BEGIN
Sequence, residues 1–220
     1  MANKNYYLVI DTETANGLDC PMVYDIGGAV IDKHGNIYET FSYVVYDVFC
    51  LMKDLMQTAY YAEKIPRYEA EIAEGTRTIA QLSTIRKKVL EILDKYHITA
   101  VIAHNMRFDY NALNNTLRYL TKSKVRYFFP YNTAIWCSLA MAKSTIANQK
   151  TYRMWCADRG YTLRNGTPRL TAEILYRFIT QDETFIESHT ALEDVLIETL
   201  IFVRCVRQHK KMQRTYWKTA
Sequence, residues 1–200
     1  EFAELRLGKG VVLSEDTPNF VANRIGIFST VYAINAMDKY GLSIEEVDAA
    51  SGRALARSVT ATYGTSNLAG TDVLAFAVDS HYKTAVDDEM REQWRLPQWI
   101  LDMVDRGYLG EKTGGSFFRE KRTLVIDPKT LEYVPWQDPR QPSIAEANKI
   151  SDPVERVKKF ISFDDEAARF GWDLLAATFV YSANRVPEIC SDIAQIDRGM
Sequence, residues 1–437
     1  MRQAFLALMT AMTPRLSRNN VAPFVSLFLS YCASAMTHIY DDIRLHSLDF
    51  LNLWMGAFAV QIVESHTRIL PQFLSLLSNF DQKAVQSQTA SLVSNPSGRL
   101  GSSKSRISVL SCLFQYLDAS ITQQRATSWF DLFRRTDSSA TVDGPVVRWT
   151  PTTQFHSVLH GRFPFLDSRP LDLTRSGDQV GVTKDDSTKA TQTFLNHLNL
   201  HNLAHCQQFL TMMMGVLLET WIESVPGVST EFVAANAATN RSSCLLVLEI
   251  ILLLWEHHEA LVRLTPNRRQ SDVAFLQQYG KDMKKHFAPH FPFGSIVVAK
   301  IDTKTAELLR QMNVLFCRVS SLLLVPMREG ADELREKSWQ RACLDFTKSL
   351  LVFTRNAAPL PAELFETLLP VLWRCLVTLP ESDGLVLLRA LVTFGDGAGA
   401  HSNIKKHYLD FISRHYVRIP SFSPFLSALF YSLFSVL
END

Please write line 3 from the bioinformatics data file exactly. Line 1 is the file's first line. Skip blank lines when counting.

    51  LMKDLMQTAY YAEKIPRYEA EIAEGTRTIA QLSTIRKKVL EILDKYHITA